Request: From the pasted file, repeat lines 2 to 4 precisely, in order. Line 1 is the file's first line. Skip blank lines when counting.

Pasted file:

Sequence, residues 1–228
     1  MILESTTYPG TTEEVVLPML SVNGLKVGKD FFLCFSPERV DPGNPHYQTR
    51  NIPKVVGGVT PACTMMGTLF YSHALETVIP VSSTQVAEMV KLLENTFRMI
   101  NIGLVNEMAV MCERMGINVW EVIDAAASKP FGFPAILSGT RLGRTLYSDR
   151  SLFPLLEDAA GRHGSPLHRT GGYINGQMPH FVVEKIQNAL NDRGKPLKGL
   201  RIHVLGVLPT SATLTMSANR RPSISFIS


     1  MILESTTYPG TTEEVVLPML SVNGLKVGKD FFLCFSPERV DPGNPHYQTR
    51  NIPKVVGGVT PACTMMGTLF YSHALETVIP VSSTQVAEMV KLLENTFRMI
   101  NIGLVNEMAV MCERMGINVW EVIDAAASKP FGFPAILSGT RLGRTLYSDR